The new album starts off with what I consider to be one of Water Liars’ strongest songs; “Cannibal” opens with a guitar riff reminiscent of 90’s grunge which leads into Kinkel-Schuster’s first words on this new record: “When you taste the flesh and sweat of the one that you love / Do you feel like a cannibal, like an animal, just like a flood?” That’s just the beginning of this sexy album. “Let It Breathe” is a finger-pickin’ love song, just Kinkel-Schuster’s handsomely haunting voice and his guitar. The opening lines of the song strike more than one chord with my heart: There’s a room inside my heart no one ever goes. It’s been boarded up and locked for years, and everything is gone. Then you come along and cut yourself a key, swept the floors and opened all the windows, said ‘Baby, let it breathe.’ “Let It Breathe” brings to mind Bob Dylan’s finger-picking style, but (though I love Dylan’s work) I think Kinkel-Schuster’s vocals take this already-beautiful song to another level that Dylan’s nasally twang could never pull off.
There’s the slower “Swannanoa,” about heartbreak and being lonesome in the aftermath, regardless of what happens. Kinkel-Schuster redeems his listeners’ potential sadness when he reminds us, I looked death in the face, but it was only my father. If I’d known all along, I wouldn’t have bothered with being afraid, with being a coward. Another song that starts slowly is “Last Escape,” though this tricky (and terrific) tune speeds up and gets heavier after my favorite line on the record: The songs keeping me awake are the songs that set my heart to break. The songs keeping ME awake? This album’s “Vespers” and “Turn Me On” (probably the sexiest song to come out of Mississippi since Blue Mountain’s “70’s Song”).
Water Liars is rife with faster tracks, too. “War Paint,” the album’s second song, features the line, I wanna see just how it is when you play the red but the black wins, sung just before a lilting strain leads back into distorted electric guitar. “Pulp” has been one of my favorite tracks since the first listen. “I Want Blood” and “Ray Charles Dream” are the two contenders for my favorite song on this album. “I Want Blood” starts with an infectious drumbeat by Bryant, kindled by Kinkel-Schuster’s reflective opening lines, Come a long, long way from nowhere with armor made from nothing but some songs I learned along the way from some strangers. Now strange lands hold no fear for me, cause in every place and company, no matter who was near to me I’ve been a stranger. Maybe what happened in the short span between Wyoming and Water Liars could also be summed up with words from “I Want Blood”: I became an army when I finally got to dealing with the darkness there beside me feeding me lies. Kinkel-Schuster sings the refrain, I want blood, I want blood all the time. Well, I want to listen to “I Want Blood” all the time. “Ray Charles Dream” reportedly came to Kinkel-Schuster in a dream, and it is (pun intended) a dreamy ditty—it’s poppy and catchy and danceable. The track happily reminds us of something Dead Gaze would write; it’s a rock-n-roll love song.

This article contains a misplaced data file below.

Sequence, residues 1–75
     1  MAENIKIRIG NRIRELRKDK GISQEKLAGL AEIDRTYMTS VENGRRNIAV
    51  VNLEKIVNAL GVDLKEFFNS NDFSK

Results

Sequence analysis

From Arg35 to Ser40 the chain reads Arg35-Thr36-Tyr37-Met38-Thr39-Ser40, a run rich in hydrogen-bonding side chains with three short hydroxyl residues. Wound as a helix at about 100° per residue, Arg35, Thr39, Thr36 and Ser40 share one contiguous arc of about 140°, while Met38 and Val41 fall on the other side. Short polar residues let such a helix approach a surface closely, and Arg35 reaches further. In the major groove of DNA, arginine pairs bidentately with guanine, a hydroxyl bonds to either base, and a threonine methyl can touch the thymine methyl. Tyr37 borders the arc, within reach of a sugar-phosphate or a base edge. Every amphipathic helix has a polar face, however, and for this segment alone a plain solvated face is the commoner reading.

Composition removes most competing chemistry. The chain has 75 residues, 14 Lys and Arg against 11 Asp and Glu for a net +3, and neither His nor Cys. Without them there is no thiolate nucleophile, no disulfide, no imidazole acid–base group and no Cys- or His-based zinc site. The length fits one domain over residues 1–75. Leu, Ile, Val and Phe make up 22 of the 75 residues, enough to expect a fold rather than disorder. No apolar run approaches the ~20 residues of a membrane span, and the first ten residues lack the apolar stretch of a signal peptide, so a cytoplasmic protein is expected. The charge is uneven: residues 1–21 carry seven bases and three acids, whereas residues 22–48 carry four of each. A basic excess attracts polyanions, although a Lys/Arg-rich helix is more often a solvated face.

The band has evolved in the past eleven months—not only the fuller sound from the added bass line, but maybe the message has changed a little. “Water Liars,” says Kinkel-Schuster in an interview with American Songwriter, “Is a record about trying to live and love and earn a living in times and places that don’t make it easy on anybody. It’s about trying to handle the bad times that nobody escapes and take care of the good times as long as they last. It’s us trying to tell about the outskirts of America that we’ve seen, lived through and live in, and get it right, for once if not for all.”